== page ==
Bottom line: it's a light, enjoyable SF romp that trades knowingly in SF tropes and conventions and flirts with cliché in places without going over the line. It's fun. I enjoyed it.
It's not as meaty or as lean (to aim my metaphors in different directions) as Scalzi's earlier novels, Old Man's War or The Ghost Brigades. It feels less "worn smooth", which has its positives (energy and exuberance) and negatives (a feeling that the book could have been pared down by 10 or so pages, mostly in the beginning).
There are some astonishingly funny bits in the book (though it's not a comedy as such), as well as some pretty serious stuff, but overall it's light and fun.
My issues with it are somewhat nebulous -- it's hard to tell how much of them are me as a reader being my particular and peculiar self, and how much are "in the book", with others seeing the same thing. For instance, the book opens (with an interstellar fart joke, no less) with an entire chapter about Dirk Moeller, who then proceeds to not be in the rest of the book (for reasons which are obvious once you read it). I spent Chapter 1 getting into the mode of "Okay, Dirk Moeller is the protagonist, here's his backstory, and here's his setup, and whooops! there he goes."
Then we have another chapter where we get another set of potential protagonists (whose goals are in opposition to Dirk Moeller's), and then I'm all, like, "ohmygod, who am I going to root for?".
And then, only in chapter 3 do we meet the person who turns out to be our real protagonist (Harry Creek).
I feel like Chapter 1 should have been labelled "Prologue", and (part of) Chapter 3 should have been Chapter 1, and Chapter 2 could stay where it is, and the rest of Chapter 3 could be Chapter 3.
Now, this whole "who is our protagonist" theme could be considered auctorially interesting, and anyone who knows me knows that while I like nice linear storytelling, I also like weird time-slicing and multiple viewpoint stories as well. But what I really like is knowing who to root for, even if it's more than one person and they're against each other. (This is one of the reasons I hate so much of the "adultery in the suburbs" genre -- everyone is loathesome, so why bother?)
The other thing that really struck me -- forcefully, which is somewhat remarkable since I'm usually a fairly inattentive reader on these sorts of things -- is that until we meet Robin Baker (the other main protagonist), on page 116, there are basically no female characters. I think someone's mother is mentioned (possibly by name), and there's a short bit with a farmer whose wife (who we don't actually see) really doesn't like to be woken up -- but that's it. We see chunks of the US State Department, and of the US Defense Department, but there's not a woman in sight until Robin shows up -- and barely any other than her, after.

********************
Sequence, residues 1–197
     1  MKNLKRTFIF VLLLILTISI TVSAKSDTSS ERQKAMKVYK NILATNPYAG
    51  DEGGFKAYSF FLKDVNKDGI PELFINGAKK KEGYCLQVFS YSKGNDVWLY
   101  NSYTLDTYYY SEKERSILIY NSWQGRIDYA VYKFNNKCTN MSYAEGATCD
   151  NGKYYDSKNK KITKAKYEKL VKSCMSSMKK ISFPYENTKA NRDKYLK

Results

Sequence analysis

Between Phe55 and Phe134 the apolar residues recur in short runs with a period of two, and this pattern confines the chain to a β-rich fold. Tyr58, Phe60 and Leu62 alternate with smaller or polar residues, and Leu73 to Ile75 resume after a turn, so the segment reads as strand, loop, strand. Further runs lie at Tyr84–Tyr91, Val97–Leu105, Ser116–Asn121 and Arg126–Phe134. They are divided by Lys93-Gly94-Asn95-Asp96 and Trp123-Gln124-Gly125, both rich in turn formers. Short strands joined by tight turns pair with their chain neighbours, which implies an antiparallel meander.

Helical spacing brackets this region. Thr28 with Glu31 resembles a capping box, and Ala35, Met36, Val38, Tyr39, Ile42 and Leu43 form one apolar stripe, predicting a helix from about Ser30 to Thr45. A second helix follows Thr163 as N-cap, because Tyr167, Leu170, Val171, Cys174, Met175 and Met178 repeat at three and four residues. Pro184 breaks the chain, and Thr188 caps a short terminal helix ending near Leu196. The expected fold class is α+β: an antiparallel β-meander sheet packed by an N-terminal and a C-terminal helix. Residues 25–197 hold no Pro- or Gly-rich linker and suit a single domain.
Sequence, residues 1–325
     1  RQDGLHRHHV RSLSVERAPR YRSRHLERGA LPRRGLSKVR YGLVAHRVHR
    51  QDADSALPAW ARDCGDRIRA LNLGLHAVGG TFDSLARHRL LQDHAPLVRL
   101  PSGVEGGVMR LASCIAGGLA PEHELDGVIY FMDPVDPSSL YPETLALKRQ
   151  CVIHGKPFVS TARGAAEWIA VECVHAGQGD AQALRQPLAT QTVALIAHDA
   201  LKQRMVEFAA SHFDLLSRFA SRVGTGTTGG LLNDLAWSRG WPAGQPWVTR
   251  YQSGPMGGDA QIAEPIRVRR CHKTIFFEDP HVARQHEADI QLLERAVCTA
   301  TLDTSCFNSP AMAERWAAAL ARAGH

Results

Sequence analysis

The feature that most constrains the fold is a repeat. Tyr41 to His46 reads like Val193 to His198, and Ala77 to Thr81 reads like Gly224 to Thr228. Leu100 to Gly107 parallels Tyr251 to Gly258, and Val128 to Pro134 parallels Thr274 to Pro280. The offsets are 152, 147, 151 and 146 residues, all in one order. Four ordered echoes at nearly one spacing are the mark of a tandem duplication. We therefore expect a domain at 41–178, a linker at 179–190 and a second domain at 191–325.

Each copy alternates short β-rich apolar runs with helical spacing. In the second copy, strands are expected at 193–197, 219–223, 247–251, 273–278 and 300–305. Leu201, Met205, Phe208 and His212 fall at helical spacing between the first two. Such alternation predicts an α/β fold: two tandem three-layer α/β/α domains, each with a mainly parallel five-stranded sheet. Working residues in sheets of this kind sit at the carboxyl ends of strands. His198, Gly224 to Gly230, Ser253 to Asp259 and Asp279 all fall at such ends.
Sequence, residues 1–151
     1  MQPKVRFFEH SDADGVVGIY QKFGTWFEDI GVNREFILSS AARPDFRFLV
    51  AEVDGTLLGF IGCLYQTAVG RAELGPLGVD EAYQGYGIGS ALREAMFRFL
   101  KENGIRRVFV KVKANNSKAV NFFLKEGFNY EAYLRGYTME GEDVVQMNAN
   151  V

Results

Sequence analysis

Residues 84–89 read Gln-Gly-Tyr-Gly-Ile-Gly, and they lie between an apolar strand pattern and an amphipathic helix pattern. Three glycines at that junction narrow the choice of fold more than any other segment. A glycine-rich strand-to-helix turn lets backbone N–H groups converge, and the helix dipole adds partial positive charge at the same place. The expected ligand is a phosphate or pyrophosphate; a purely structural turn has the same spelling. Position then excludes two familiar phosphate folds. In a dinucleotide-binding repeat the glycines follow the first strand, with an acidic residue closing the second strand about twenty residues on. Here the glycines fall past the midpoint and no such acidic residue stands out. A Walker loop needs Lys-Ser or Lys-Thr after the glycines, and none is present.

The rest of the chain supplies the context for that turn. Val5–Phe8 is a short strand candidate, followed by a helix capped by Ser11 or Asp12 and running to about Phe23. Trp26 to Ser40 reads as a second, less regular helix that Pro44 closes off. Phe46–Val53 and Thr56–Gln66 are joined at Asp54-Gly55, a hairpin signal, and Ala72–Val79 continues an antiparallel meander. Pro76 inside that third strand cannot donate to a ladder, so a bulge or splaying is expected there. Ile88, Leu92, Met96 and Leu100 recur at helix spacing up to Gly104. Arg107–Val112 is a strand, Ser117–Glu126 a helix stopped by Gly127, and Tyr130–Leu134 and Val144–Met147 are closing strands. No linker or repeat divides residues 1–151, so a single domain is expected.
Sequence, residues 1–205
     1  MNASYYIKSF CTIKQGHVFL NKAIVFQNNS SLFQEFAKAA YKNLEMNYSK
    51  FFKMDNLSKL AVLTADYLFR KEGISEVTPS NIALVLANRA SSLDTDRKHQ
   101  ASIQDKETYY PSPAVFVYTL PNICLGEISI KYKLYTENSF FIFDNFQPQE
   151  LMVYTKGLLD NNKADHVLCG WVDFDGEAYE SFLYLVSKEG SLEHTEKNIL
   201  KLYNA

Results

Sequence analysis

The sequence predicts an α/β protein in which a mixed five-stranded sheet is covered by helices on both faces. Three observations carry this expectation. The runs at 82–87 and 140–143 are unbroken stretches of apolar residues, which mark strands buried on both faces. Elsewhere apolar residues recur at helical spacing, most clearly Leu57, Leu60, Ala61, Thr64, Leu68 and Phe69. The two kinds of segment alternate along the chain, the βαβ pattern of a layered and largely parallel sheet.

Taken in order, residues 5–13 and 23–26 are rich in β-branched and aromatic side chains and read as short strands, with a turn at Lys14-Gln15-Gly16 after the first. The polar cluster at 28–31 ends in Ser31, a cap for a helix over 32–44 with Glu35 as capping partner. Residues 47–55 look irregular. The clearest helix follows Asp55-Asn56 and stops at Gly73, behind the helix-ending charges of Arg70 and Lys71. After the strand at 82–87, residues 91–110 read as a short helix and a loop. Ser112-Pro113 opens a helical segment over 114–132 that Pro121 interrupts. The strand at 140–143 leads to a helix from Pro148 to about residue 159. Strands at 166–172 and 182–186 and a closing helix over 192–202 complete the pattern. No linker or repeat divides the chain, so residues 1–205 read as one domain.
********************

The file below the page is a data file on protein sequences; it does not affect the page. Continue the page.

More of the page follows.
This is especially bizarre given the number of strong female characters in Old Man's War and The Ghost Brigades. Now granted, a lot of the secondary characters in The Android's Dream are criminals or military, or nerds, which as subsets of humanity, tend to the testosterone-heavy. And Scalzi is on record as explicitly mentioning Elmore Leonard as an inspiration. But still. It's somewhat weird. Or maybe I'm weird.
And there are a couple of sequences which violate my cardinal rule of technological extrapolation: don't do details, because they'll almost certainly be wrong. (If you can extrapolate technology and get it right, then you might want to think about designing new gadgets and user interfaces and building the tech, not writing SF!) The positive version of this rule states that tech details should be left as vague as possible, so things don't date too badly. (Nothing dates as badly as last year's consumer user interface.)
The last bit of ranting I'll do is about a major (and nearly literal) deus ex machina that is threaded throughout the book. There's a long rant about how arrogant AI people are (which is true), which concludes with the "obvious" way to make an AI (copying an existing brain), which no one (in the book) has thought of. Well, it's a great deus ex machina as it's written, but it's also silly to posit a SFnal world where no one has thought of this, since in our world, lots of people have thought about how to upload their brains into computer simulations. Clearly The Android's Dream exists in a parallel universe where Ray Kurzweil, Greg Egan, and a bunch of other people (including Frederick Pohl, who "vastened" Gateway's Rob Broadhead in Heechee Rendezvous all the way back in 1984) never existed. What I really wish Scalzi had done was explain that lots of people had tried this, but no one had succeeded, and then explain how clever this particular uploaded AI's uploader was.
What can I say? I'm a science and computer geek. Things like this bug me.
Wow, I just spent ten paragraphs criticizing a book I really enjoyed reading. What's up with that? Well, if John Scalzi is interested in a nitpicking science and computer geek to help keep him out of trouble, he can consider this my audition. (Yeah, like he's going to be reading this.)
Or maybe I'm simply still annoyed at him for linking to this, which (as I mentioned a few posts ago), has eaten up way too much of my time. Damn you, Scalzi!